Aligning Your Industrial Energy Management Software Model
Industrial Energy management (IEM) has been growing in popularity for quite some time. As a central component of LNS Research’s Enterprise Sustainability Management (ESM) model, which is an information management strategy that unifies sustainability efforts, IEM has a direct effect on environmental, financial, and business performance.
People and leadership are some of the most important components of an operational excellence strategy.
We advise industrial and manufacturing executives to take an operational excellence approach to IEM, aligning the right mix of people, processes, and technology with their organization’s financial, operating, and environmental goals and initiatives. Without this, it’s difficult to properly optimize reductions in cost, improvements in efficiency, and other critical performance indicators.
Below, I’ll discuss each of these three areas more in depth, touching on people and leadership, business processes and energy management systems, and the type technologies companies are leveraging today.
People and Leadership
Regardless of the management area, people and leadership are some of the most important components of an operational excellence strategy. With IEM, it takes a number of variables all working in unison to effectively improve business performance, including executive buy-in, communication, collaboration, and subject matter expertise.
A motivated culture charged by strong leadership is requisite for an IEM initiative to take hold and drive improvements. For success in people and leadership, the following areas are key:
- Development of Chief Sustainability Officer (CSO) role.
- Coordination of activities between the CSO, Energy Director, and plant level energy czars.
- Recognition for successes in energy management.
- Culture that fosters and supports collaboration.
- Use of third parties for subject matter expertise and audit capabilities.
Business Processes and Energy Management Systems
The standardization of business processes across the value chain and throughout an organization is vital for an effective IEM strategy. This means centrally managing end-to-end business processes for continuous improvement, reporting, energy procurement, energy use, and the management of energy efficiency projects.
Market leaders are putting distributed facilities under one system to get a clearer outlook on energy management. The following energy management systems, focus areas, and business processes are being utilized for this:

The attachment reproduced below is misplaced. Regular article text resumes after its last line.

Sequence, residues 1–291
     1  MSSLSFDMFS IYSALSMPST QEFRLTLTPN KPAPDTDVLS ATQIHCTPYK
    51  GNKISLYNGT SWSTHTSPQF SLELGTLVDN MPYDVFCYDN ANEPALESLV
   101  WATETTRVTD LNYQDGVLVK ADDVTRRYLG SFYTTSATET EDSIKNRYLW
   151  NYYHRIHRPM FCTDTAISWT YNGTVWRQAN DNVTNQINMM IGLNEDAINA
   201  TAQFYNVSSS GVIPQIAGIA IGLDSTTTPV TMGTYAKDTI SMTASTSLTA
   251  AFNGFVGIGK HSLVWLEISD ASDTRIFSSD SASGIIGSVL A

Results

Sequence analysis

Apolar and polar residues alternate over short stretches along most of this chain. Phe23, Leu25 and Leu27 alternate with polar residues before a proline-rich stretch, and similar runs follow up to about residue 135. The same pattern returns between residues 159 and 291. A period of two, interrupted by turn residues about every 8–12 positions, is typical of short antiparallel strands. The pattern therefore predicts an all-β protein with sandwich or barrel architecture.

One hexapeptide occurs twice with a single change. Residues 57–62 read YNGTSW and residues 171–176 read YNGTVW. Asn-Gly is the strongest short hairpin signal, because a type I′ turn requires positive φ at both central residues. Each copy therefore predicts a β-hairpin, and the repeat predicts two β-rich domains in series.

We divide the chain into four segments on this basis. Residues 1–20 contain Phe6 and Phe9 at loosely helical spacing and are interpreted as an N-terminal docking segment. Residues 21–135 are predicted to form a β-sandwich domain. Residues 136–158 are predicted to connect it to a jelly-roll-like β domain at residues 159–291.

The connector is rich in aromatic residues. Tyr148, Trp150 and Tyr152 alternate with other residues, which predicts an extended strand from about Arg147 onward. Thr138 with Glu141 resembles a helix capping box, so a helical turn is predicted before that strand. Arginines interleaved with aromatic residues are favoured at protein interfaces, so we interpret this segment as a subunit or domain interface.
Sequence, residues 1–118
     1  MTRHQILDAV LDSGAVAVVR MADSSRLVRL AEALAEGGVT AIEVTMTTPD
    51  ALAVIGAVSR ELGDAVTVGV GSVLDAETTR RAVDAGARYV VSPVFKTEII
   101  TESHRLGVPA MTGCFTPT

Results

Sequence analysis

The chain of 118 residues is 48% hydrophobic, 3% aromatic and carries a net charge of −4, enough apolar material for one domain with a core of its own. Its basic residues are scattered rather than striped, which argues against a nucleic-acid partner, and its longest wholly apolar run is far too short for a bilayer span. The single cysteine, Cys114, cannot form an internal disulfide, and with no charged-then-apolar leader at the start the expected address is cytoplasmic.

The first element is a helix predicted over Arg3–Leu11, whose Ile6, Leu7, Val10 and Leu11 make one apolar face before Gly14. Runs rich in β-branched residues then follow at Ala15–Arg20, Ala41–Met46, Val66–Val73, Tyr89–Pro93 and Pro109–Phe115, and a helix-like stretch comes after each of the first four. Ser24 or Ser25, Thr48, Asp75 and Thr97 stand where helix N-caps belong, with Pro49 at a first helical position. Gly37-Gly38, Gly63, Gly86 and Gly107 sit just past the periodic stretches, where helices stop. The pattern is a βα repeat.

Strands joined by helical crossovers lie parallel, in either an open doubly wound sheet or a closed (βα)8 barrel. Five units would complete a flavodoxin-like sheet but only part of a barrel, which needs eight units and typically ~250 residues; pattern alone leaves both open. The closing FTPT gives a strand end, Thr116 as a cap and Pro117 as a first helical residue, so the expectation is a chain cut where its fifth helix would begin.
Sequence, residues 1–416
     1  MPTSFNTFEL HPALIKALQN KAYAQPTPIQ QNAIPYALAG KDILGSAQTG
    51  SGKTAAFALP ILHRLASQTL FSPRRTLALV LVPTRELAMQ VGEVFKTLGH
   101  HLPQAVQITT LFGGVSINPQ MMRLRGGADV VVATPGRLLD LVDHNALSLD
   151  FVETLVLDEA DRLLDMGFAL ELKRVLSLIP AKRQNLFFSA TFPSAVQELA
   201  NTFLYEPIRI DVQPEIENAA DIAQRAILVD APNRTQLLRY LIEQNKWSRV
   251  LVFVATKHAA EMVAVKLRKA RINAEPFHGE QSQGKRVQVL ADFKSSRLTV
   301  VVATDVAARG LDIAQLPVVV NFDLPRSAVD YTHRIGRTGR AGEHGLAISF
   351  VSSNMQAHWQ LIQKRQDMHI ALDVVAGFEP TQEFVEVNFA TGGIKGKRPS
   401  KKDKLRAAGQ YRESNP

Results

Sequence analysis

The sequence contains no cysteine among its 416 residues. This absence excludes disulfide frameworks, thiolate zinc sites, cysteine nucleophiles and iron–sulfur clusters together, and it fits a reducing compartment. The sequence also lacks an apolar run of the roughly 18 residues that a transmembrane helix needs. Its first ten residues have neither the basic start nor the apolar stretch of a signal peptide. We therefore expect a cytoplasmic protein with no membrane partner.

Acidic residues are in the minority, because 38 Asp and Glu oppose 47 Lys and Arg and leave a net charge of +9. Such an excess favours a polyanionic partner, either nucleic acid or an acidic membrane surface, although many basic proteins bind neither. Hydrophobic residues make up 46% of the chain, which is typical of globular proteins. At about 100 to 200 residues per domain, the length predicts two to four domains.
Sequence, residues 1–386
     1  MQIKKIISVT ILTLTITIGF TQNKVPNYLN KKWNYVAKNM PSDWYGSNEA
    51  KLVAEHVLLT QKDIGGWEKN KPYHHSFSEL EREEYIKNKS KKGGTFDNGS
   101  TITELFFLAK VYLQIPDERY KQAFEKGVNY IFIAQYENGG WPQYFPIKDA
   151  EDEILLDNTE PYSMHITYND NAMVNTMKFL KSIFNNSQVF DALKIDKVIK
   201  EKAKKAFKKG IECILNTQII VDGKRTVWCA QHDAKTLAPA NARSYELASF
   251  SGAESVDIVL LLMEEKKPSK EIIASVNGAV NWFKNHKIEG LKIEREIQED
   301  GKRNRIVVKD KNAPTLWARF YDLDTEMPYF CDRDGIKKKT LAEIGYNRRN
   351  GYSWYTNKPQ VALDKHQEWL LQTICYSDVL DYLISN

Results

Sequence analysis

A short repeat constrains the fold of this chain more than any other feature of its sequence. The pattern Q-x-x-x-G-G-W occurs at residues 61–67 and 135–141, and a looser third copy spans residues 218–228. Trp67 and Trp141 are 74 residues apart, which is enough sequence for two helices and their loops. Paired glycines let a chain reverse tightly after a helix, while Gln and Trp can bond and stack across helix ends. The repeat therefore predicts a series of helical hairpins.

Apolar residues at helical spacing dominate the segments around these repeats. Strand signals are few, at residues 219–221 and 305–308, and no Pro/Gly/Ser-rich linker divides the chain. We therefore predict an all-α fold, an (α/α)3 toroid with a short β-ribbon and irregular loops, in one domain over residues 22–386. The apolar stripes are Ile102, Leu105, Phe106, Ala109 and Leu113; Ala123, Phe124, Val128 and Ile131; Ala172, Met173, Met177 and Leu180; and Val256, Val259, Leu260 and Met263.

- Continuous Improvement: ISO 50001, SEP, Energy Star
- Industrial Partner Programs: Guides for Best Practices
- Corporate Social Responsibility, CSR Reports, and Carbon Reporting
- Evaluating Energy Efficiency Projects
- Measuring Energy Intensity and Energy on the Bill of Materials
- Energy Optimization across Procurement and Use
Emerging IEM Technology
Although the previous two focus areas, people and business processes, have a considerable amount of research completed on them, IEM software is a relatively fresh area. Most previous research has been done on business process and leadership best practices or on energy efficiency technology.
As we launch our research into IEM, we’ll be placing most of our focus on IEM software and its relation to the broader operational excellence framework. The technology piece can only be effective if it’s aligned with leadership and processes.
Depicted in the infographic below, we define three distinct areas of IEM software: procurement, usage, and reporting.
The LNS Industrial Energy Management Software Framework focuses on the demand side of the industrial energy use equation. It provides a model for understanding how energy flows through the organization as well as how data must flow back through and inform decisions. It touches on areas such as risk management, data collection, and project management.
In future posts, we’ll dive deeper into IEM software.
Looking at IEM and Sustainability Globally
Companies are turning to more holistic strategies for managing areas such as sustainability, quality, manufacturing, and engineering. The benefits of introducing a global perspective into the decision-making process are incomparable in relation to traditional information management strategies.
Moving away from the use of targeted solutions for targeted problems, market leaders are making jumps in business performance. Keep in mind the long-term goals of your organization as well as IT architecture strategy as you make investments in IEM and sustainability.